US Election 2020: Polls are calm as the pressure builds
Without wanting to state the obvious, it’s an extraordinary election year in the US even when leaving aside the pandemic. The Trump presidency has been like no other, there are deep and ongoing racial and social divides within the country, and you have the two oldest candidates in history. For such a volatile period, it is therefore remarkable that the White House race between Trump and Biden has been remarkably consistent.
With election day just over six weeks away, the Democratic challenger is maintaining the same comfortable lead in most national polls that he has enjoyed throughout the summer. This is currently somewhere between six and eight points, with Poll tracker, Real Clear Politics, predicting that Trump’s odds to win are now 43.0%, compared to Biden’s 49.5%. But a secure Biden victory is not assured as using a lower margin of error would be just large enough to allow a Republican Trump victory in the electoral college. This relative quiet in polls also contrasts with the volatile swings in the final stretch of the 2016 contest, when Hilary Clinton held a much slimmer lead.
Trump’s built-in electoral college advantage
It’s important to remind ourselves that the US process is slightly peculiar in that the popular vote does not win the candidate the election, as it is victory in the electoral college which determines the outcome. This essentially means that all votes for each state go to the majority winner of that state. What this clearly does is give greater weight to rural central states (of which there are more) that tend to be Republican and less weight to the most populous coastal states that lean Blue. President Trump won the last election despite losing the popular vote by 2.1% and Hilary Clinton winning 2.8 million more individual votes. In fact, a little over eighty thousand votes spread over three key swing states, Michigan, Pennsylvania and Wisconsin decided the election in Trump’s favour.
Swing states are key
As in 2016, Biden will need to win a small number of crucial swing states to claim victory in the electoral college. That means those states above, plus Arizona and Florida are required to gain the keys to the White House, though obviously swings to either side could mean many more states come into play.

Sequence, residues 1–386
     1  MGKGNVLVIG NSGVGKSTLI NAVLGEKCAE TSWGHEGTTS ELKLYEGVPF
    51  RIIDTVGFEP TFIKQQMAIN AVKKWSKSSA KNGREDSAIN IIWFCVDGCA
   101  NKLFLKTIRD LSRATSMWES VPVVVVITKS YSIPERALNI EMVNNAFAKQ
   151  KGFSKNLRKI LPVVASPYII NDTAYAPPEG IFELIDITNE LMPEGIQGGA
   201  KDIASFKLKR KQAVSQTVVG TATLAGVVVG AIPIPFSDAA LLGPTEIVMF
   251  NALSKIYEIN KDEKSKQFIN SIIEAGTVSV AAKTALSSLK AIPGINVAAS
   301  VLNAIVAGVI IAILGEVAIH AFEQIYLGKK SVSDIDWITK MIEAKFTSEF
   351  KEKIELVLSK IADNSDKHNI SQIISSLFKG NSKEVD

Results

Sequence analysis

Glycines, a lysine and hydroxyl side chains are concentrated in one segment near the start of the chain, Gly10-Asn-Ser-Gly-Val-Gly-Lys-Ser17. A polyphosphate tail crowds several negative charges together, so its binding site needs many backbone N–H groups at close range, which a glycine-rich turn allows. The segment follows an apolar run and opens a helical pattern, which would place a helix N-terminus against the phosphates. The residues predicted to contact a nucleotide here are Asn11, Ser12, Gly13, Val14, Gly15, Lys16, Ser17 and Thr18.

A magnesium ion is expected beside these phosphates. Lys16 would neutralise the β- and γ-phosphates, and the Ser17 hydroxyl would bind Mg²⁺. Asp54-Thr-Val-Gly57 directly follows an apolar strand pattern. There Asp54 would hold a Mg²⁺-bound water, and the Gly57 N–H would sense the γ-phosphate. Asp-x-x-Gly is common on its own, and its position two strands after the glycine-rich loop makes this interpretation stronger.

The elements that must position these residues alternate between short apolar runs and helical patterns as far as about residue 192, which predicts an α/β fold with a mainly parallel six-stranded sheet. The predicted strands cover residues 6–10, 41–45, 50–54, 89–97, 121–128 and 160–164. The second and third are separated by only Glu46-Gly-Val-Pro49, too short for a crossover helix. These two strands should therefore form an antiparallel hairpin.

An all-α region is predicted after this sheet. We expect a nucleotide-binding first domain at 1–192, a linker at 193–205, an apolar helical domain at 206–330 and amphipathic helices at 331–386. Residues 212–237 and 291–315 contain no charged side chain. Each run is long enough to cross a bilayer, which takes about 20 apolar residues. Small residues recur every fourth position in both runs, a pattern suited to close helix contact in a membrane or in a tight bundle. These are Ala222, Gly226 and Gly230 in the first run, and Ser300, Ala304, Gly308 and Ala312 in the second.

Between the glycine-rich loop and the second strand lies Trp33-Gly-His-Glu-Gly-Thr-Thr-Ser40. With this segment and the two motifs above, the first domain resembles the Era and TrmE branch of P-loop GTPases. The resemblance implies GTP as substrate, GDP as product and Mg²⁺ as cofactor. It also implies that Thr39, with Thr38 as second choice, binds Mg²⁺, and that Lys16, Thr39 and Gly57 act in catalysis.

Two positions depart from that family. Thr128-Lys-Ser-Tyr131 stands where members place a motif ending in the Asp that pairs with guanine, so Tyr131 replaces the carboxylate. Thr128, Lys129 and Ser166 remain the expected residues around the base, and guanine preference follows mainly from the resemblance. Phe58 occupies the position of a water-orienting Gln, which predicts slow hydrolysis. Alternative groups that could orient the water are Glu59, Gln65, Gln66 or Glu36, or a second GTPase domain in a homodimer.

Importantly, over the last month in these key states, the Democrat’s advantage is much less than his national lead and sits at a very similar level to that of Clinton four years ago, when Trump won each of these. If the challenger’s national lead falls just a point or two, he is unlikely to win Arizona, and Florida is similarly a coin toss between the two candidates with Biden’s polling average at just two points.
All to play for…
Prediction markets and polls are not perfect of course, but they do offer useful guidance on election probabilities. The reality though, is that we are closing in on the margin of errors coming into play and then the likelihood of a very close election. Trump remains in striking distance banking on the intensity of his most loyal supporters while hoping that disillusioned Republicans ultimately swing his way. The incumbent may make a more aggressive pitch to white suburban voters as we draw closer to election day, with those voters focused on safety and fear of violent unrest.
Indeed, the pandemic means more people than ever will opt for mail-in voting and it is the Democrats who are more likely to vote by post. Concern around the US Postal Service and its ability to handle this are rising, as this could signal a move from Republican Red to Blue and ratchet up the pressure on President Trump as the votes come in.
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